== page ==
The Special Investigating Unit (SIU) is expected to spend around R120 million on recovering funds looted from the state.
Briefing Parliament’s Standing Committee on Public Accounts (Scopa), SIU head Andy Mothibi said his unit was not spared from the cuts to government’s expenditure.
The SIU’s chief financial officer (CFO) Andre Gernandt said the cost incurred on investigations at the end of December topped R70 million.
“This amount is made up of different resources in the SIU. Of all our operational resources, there are about 125 full-time equivalents currently working on the Covid-19 investigations out of a possible 300.
“We estimated that figure because at the moment they are working full-time on it. The [R70 million figure] could go up to R120 million at end of the financial year in March 2021. These amounts exclude the legal costs,” he said.
Gernandt said they have engaged National Treasury on whether the unit can get central funding.
“We were, however, not successful and up to date, of the approximately 84 institutions that are currently being investigated, we have not been able to sign many of the letters of engagement and in fact there is a general push back on that.
“We would still further engage National Treasury to see is there anyway we could receive central funding on our costs incurred. This is on the R120 million and civil litigation costs,” he said.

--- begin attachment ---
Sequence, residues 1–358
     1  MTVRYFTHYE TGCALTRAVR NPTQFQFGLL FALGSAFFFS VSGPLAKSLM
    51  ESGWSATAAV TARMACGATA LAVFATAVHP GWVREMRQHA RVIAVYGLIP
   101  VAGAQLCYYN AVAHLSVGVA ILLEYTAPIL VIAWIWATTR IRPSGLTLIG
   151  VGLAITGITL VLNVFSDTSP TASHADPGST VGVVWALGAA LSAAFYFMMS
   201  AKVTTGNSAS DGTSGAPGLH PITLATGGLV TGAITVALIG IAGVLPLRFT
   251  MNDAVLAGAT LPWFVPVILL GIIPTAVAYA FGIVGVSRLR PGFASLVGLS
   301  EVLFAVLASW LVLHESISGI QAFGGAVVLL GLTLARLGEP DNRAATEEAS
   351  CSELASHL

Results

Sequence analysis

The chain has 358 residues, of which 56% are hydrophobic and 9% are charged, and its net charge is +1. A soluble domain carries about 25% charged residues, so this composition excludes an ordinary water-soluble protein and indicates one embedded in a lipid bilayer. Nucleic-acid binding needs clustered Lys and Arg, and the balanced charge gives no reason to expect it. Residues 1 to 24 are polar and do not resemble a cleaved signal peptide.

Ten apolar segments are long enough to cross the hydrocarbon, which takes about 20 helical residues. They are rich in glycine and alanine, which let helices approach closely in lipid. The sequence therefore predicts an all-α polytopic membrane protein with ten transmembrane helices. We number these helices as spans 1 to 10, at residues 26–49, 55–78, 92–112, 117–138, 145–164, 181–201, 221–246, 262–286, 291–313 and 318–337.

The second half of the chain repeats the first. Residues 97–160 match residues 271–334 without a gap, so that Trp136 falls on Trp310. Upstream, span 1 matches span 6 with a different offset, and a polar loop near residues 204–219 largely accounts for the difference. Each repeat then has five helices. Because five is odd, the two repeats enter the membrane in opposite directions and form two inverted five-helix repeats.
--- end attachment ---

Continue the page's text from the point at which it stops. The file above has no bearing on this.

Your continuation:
The SIU’s ongoing probe into the PPE scandals has zoomed in on 2,556 PPE contracts valued at more than R13.3 billion.
Last week, Mothibi announced their probe found a complete breakdown of the checks and balances in the procurement of personal protective equipment (PPE).
It also found that names of service providers were determined before any supply chain process commenced and, in some instances, PPE was packaged under cloned labels.
Mothibi said allegations were received in respect of 189 state institutions and entities.
“The SIU obtained documents in respect of the approved allegations and from that, 2,556 PPE contracts awarded for Covid-19 related services were identified for investigation.
“These contracts were awarded to 1,774 service providers. By value, 26% of these contracts have been finalised, 51% are currently being assessed and 22% have yet to commence,” he said.
Mothibi said the National Prosecuting Authority (NPA) has provided prosecutors to guide criminal investigations and will prioritise consideration to the matters referred.
“While the investigations are still underway and we continue to submit reports to the president, we continue to execute on the outcomes and follow up on the referrals to ensure that there is consequence management.
“We are focusing on ensuring that there is accountability at all levels of the administration including executive authority accountability. Our collaboration and cooperation with other agencies in the Fusion Centre has proved valuable,” he said.